Getting Ready

We have been doing a great deal of work getting all of our food boxes ready.  Currently we have 30 food drops, so the entry of our house is lined with boxes full of food, maps, and miscellaneous equipment.  We are mailing our food a little differently from the PCT.  When we hiked the PCT we mailed all of our boxes from San Diego.  We used paper boxes.  In many cases these boxes had a lot of extra room.  Most boxes weighted about 33 lbs filled with food and supplies for four people.  This method was not a problem for drops in southern/central California, but as the food drops got farther north, it became very expensive to mail the boxes.   Sixty to seventy dollars a box was the average price to mail to central and northern Washington.   Since we are hiking this trip on a tight budget, we had to find a cheaper way to resupply.   This year we will be using the largest priority mail boxes which ships at a flat rate of $18.85 per a box.  Our big concern was how small the largest priority boxes are.  Since there are four Ravens involved, our supply boxes are four times bigger than the average thru-hiker’s.   We will need anywhere from 1 to 3 priority boxes for each re-supply point, especially for the longer six and seven day drops. Mama Raven spent a great deal of time re-packing each box, meticulously fitting every candy bar, trail mix, dinner, and misc. supplies inside the boxes.  We eliminated  non-essential bulky food items that could easily be purchased in the towns. To our amazement, she was able to get 4 days of food into one 12″x12″x5.5″ box.  Our biggest food drops will take three boxes, luckily there are not too many of them.  Nonetheless that is still cheaper than one big box.

Papa Raven has been busy going over our old gear, and trying to decide what should be replaced and what can be kept.  Our biggest purchases has been a new sleeping bag for Bling, who has out grown his old one and four new backpacks to replace some very tired and worn out packs.  There is something sad about switching to a new backpack after so many miles together. The old pack has been worn so much, it fits the body perfectly in all the right spots.  It has traveled with you through the good and the bad.   They become a close friend.  Nonetheless, as the miles march on, holes and rips and fabric fatigue takes its toll on the pack.   Ours are riddled with on trail repair jobs of duck tape and stitches of dental floss.  Straps are fraying.  Out of necessity, our old friends are being casted away for shiny new ones.  Then there is the equipment we have never needed before, namely MICROspikes, snowshoes, and water proof socks.  Having very little experience with this type of equipment, we needed to do a lot of research before we could decide on the right type.  We choice MICROspikes for our crampons, MSR Evo 22 snowshoes and Dexshell water proof socks.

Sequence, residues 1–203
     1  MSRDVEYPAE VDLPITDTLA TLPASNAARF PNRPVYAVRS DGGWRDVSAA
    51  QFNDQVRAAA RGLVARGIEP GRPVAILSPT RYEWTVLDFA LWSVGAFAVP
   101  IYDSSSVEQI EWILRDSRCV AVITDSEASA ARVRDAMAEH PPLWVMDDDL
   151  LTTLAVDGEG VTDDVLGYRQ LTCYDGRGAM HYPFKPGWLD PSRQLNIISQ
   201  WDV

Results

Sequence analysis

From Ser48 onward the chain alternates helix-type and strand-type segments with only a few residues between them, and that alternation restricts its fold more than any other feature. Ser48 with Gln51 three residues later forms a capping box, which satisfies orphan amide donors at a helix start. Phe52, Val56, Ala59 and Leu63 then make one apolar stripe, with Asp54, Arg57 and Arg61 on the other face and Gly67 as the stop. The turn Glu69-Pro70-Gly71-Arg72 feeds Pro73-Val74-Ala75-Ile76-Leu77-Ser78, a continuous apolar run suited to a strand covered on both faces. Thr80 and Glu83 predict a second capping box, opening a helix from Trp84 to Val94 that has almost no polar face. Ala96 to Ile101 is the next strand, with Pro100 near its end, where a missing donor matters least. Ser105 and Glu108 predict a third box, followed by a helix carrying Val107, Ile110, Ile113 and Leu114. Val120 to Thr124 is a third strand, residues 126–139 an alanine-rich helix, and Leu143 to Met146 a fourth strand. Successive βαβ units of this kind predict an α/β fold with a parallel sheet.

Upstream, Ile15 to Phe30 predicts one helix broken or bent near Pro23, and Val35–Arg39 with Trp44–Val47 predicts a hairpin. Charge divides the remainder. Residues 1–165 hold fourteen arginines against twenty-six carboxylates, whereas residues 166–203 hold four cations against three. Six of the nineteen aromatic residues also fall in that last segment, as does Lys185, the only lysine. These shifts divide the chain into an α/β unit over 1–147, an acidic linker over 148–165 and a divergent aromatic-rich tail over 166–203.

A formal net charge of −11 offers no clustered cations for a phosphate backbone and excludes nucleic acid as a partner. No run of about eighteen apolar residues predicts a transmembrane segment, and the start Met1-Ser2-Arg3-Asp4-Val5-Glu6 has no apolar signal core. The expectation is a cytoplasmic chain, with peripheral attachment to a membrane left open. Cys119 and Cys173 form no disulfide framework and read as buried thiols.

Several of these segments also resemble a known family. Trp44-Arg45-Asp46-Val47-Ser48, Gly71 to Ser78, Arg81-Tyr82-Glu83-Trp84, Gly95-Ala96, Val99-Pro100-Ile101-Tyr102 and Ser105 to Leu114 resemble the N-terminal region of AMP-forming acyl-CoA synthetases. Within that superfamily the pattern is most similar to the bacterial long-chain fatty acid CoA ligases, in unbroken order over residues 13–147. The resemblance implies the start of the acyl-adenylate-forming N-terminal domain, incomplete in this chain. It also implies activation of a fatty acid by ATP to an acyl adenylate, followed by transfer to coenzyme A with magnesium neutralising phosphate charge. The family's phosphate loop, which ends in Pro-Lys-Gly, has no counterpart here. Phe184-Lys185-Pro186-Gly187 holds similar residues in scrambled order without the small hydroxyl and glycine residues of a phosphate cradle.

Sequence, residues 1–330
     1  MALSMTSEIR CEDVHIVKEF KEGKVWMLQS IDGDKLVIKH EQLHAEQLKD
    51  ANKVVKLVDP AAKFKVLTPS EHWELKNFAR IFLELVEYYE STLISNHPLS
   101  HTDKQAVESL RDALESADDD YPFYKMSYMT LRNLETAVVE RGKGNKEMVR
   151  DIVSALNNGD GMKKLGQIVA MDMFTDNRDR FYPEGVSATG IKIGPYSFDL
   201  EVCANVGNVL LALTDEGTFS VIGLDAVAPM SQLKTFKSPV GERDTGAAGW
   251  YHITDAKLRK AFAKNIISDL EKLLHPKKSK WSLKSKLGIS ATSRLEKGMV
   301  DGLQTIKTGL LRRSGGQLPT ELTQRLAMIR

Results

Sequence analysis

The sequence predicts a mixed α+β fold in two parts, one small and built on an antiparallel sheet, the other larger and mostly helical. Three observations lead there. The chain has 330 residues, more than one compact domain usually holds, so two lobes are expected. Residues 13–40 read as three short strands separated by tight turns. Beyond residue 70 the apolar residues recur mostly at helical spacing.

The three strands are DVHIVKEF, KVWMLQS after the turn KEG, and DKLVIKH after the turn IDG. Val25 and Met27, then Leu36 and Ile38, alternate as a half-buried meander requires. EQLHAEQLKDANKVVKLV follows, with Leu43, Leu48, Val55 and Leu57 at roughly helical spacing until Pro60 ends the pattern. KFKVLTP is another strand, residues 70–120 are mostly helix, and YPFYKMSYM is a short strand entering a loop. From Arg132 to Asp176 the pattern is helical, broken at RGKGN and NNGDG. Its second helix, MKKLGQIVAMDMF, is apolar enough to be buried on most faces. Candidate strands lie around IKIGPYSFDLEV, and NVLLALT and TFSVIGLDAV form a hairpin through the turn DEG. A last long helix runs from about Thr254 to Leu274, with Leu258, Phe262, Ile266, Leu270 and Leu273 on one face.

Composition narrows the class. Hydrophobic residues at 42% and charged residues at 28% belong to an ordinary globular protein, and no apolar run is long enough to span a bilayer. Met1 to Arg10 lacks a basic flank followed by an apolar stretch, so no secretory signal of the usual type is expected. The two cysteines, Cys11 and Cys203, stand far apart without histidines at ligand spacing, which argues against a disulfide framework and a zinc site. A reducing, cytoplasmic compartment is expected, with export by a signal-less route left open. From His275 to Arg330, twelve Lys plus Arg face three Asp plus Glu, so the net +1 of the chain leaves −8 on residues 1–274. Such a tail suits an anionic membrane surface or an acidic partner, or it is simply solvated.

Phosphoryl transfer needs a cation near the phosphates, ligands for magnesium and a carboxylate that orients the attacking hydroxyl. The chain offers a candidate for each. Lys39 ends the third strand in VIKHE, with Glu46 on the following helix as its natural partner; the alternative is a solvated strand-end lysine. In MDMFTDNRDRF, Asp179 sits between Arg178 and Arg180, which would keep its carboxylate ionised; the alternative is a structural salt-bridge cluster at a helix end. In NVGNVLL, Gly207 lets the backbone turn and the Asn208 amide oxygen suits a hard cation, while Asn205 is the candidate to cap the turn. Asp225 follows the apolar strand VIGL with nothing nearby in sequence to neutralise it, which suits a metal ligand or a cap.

Another big job is getting our house ready.  We will be having a family of five staying here while we are gone.  They will be taking care of the cats, tortoises, and fish.  We need to pack up all of our clothing and put the boxes out in the garage.  Also a little maintenance needs to be done and then the house will be ready for them.

A long overdue announcement


Sorry for the delayed announcement.  After making the final decision to hike the trail, our priority has been focused on preparing for the trip.   Since we have such a short time to get ready for the CDT, there has been very little time to do anything.  Homeschooling Bling and Little Crow  takes a large chunk of time.  Having Papa Raven unemployed has been a blessing because Mama Raven could not do it all on her own.

On 4/21 we will start hiking north on the CDT.  Our current plan is to thru-hike the whole trail in  5 1/2 months.  Our starting date is later than we would like, but if we start too early,  we will have too much snow  in the San Juan Mountains.  Another factor that effected our starting date, was that the shuttle to Crazy Cooks Monument will only take 10 hikers a day and it  runs only on specific days of the week.  By the time we signed up for the shuttle,  earlier days were already taken.  Most thru-hikers starting at Crazy Cooks Monument take the shuttle because the drive out to the monument is 3 hours long on a very poor maintained 4×4 road.  Most vehicles can not make it.  The shuttle service also provides on route water for hikers the first five days of the trail.  This is very useful because there is very little water in southern New Mexico.  We will attempt to keep updates during our preparations for our hike, however due to our busy schedule, there might not be many.